Whey Protein

Whey protein is a traditional choice for active individuals.

It remains popular because of its unrivalled bioavailability (the amount of protein that can be utilised by the body after digestion) and rapid rate of absorption. Whey is actually a by-product of cheese making \u2013 it is the liquid part that remains after the curds are removed. This is then strained and dried to form a powder that is rich in protein; it is an abundant source of amino acids to include leucine, which has been viewed as the most important amino acid for muscle growth and repair. It also contains additional nutrients including calcium and vitamin B12.

Besides augmenting muscle protein synthesis, research suggests that whey protein may help to stabilise blood glucose levels and promote insulin sensitivity, leading to a sated feeling that is conductive to weight (fat) loss. It has also been shown to help maintain levels of glutathione \u2013 a substance found in the body which can assist in protecting the cells from oxidative damage, as well as supporting immune health and energy metabolism.

Whey protein concentrate is the basic material from which the other grades of whey (isolates and hydrolysates) are produced using further manufacturing techniques. It contains varying amounts of fat and lactose (milk sugar), and a protein percentage that varies approximately between 30-80%. Concentrate is usually the most affordable type of whey. Another advantage is that it is apt to contain bioactive protein peptides that have been shown to support health, which are more likely to remain intact during minimal processing. Low temperature manufacturing methods help to maximise levels of bioactive peptides by helping to prevent heat damage, or the \u2018denaturing\u2019 of proteins. This can produce a superior quality whey in terms of its nutritional composition and bioactivity, as it remains as close to its native form as possible.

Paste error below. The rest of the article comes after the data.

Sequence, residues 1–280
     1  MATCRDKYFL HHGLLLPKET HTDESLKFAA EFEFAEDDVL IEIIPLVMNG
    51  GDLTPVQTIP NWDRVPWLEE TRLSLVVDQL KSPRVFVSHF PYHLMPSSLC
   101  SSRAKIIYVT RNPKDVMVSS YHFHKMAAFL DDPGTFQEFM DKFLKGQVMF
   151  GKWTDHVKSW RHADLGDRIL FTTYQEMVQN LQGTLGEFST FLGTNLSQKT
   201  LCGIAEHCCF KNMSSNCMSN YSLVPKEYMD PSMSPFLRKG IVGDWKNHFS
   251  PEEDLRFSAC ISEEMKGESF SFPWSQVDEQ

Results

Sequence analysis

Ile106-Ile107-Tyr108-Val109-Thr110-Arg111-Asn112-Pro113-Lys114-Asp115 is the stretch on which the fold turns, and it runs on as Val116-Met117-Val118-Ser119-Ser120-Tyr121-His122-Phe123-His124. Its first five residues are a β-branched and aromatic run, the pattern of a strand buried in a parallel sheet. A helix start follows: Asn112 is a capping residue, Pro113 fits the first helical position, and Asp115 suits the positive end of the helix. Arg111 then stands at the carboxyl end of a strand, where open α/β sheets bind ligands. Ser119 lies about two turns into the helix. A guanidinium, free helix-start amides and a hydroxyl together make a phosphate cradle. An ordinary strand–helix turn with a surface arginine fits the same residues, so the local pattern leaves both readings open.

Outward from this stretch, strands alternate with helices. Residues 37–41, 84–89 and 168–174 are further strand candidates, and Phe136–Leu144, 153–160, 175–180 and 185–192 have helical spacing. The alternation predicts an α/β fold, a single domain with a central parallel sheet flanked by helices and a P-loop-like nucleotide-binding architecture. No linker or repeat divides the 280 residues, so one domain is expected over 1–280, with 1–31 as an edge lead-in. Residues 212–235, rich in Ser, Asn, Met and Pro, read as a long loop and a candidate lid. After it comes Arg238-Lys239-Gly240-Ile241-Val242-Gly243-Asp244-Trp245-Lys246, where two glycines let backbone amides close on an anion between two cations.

Whey sourced from grass-fed cows has been shown to contain higher levels of essential omega-3 fatty acids. Along with organic varieties, these are becoming more sought after in terms of their nutritional composition and bioactivity.

Flavoured varieties of whey are usually enjoyed as a shake, mixed either with water (ideal for straight after a gym session) or milk (to produce a richer consistency). To boost exercise performance and recovery, drink your shake in the morning, as part of breakfast; after training, or at any other time of day as a lean snack alternative.

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